Nine image curly haired tarantula (Brachypelma albopilosum) molt sequence
March 2, 2012 by allthingsbiological
Tarantulas, like other arthropods, must periodically shed their old exoskeleton to allow for growth. The new, softer shrunken exoskeleton is produced under the old exoskeleton. The frequency of this shedding (referred to as ecdysis or molting) varies. Young spiderlings shed numerous times during a year, while mature females, which may live up to 40 years, may shed every other year.
- Toward the end of premolt, the period prior to molting, activity becomes limited as muscles detach from the old exoskeleton and connect to the new, slightly larger, folded, inner exoskeleton. Exuvial fluid is then secreted between the inner and outer exoskeletons. Enzymes digest the endocuticle, effectively separating the two skeletons.
The transitory period between premolt and the actual molt is signaled by the tarantula spinning a bowl-shaped web, often called a molting mat or molting cradle. The spider then rolls over and remains relatively stationary, aside from limited leg movements, for an extended period. This was how I discovered the tarantula Sunday afternoon.
At the beginning of the molt, the carapace loosens, allowing for full view of the new, much enlarged chelicerae.
The tarantula slowly emerges from its old exoskeleton using continual, virtually imperceptible pumping motions. Molt duration ranges from 20 minutes (young spiderlings) to several days (mature females). The photos comprising this sequence were taken over a five hour period.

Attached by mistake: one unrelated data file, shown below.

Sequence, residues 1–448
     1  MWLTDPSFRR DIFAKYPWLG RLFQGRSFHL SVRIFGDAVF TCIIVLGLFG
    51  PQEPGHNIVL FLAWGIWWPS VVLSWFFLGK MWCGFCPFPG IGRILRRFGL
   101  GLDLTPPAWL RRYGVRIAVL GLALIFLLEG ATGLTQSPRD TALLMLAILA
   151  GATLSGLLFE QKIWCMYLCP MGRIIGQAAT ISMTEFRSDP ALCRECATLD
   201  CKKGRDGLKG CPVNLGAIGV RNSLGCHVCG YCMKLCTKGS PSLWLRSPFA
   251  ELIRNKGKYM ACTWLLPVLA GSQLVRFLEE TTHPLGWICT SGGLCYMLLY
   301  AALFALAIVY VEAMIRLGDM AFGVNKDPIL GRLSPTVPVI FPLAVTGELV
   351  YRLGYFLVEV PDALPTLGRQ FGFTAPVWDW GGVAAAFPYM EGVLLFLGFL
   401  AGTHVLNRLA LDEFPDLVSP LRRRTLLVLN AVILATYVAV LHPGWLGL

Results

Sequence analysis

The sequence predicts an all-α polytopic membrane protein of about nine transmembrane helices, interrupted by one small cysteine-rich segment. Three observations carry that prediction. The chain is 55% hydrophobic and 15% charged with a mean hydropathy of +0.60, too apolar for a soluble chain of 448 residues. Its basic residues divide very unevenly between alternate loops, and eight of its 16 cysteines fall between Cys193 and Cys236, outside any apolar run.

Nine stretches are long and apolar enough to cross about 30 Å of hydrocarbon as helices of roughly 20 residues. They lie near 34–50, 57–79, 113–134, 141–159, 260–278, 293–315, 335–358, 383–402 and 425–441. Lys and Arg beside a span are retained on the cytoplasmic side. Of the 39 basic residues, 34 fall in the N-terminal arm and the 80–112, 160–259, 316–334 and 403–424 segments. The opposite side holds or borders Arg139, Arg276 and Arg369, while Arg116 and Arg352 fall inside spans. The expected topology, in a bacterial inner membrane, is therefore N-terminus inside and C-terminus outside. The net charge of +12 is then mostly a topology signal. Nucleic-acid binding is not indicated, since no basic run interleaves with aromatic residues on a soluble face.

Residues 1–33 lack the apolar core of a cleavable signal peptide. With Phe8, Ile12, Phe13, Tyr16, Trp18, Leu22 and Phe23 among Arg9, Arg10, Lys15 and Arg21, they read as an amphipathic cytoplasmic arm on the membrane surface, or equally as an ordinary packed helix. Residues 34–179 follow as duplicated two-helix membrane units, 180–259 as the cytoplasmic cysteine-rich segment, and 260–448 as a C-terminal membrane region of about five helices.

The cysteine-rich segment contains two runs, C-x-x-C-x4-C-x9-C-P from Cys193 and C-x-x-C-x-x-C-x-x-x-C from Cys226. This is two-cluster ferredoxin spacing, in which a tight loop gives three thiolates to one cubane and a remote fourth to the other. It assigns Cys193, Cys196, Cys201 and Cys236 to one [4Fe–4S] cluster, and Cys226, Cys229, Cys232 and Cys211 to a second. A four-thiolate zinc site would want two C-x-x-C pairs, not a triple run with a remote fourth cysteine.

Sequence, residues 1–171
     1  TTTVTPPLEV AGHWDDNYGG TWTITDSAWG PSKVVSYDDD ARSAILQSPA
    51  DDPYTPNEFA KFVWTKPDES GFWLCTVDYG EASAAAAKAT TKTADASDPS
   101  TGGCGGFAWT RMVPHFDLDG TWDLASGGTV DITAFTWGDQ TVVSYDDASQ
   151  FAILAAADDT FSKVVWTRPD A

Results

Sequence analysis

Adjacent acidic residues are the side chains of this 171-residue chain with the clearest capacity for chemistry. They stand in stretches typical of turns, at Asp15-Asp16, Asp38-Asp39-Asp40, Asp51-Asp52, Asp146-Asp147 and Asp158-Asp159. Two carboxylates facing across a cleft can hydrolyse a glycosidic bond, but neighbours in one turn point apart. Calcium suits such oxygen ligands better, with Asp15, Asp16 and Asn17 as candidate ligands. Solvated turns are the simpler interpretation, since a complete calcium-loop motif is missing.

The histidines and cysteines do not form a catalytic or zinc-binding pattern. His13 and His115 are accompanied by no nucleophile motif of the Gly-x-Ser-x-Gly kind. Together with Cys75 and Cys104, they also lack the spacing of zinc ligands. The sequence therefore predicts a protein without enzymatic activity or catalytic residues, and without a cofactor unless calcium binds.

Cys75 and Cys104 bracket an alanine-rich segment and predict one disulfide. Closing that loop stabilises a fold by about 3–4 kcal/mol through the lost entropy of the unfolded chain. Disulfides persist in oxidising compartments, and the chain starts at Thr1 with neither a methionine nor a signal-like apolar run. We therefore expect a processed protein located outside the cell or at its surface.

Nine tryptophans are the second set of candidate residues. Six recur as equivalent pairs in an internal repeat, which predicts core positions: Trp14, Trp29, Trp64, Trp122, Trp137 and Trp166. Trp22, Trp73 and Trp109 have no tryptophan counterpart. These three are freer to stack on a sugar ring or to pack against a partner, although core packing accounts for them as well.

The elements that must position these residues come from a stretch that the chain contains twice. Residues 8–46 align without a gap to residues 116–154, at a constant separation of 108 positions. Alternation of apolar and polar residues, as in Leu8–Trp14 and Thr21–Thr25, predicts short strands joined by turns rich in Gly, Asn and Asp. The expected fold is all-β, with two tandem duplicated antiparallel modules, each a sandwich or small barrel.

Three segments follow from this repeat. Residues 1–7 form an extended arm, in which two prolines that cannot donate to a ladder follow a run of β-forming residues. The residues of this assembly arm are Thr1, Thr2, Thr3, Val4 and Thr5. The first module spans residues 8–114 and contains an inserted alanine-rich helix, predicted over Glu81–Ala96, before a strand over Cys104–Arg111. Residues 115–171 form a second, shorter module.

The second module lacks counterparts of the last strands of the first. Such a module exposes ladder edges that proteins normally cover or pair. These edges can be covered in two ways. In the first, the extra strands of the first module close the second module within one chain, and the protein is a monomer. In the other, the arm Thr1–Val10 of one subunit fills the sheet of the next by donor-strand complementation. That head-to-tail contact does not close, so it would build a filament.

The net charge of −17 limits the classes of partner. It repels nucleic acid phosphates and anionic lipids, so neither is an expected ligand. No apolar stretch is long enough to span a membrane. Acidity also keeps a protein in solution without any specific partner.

After molting the spider remains upside down for several hours, moving its legs slightly.
During the molt, the tarantula is entirely helpless. Flight or defense are not possible. The hours really did feel like hours...
It is important not to handle the tarantula from pre-molt to the point that the tarantula will accept food. I try to stay strictly hands off throughout the entire molting process and next several days afterward. This spider (which I had purchased several days prior) was in a container that was smaller than ideal for its size. The spider moved all of the coconut mulch bedding to one side the day prior, and was upside down on a smooth plastic ridged surface, struggling to find a foothold. I knew that was bad, and it certainly would not have been the case in a more natural setting. As I moved the bedding so that it could gain a foothold, one leg came into contact with my finger. I certainly didn't want to push it off at that point, so I let it attach to my hand, right itself, and then move off on its own to the newly spread bedding.
During the next several days, designated post-molt, hemolymph movement within the body, causes the body to expand, resulting in a larger size. During this time cross linkages occur between molecules comprising the exoskeleton. The linings of the mouth, pharynx and pumping stomach are also shed, so the tarantula will not be able to eat until the new parts harden.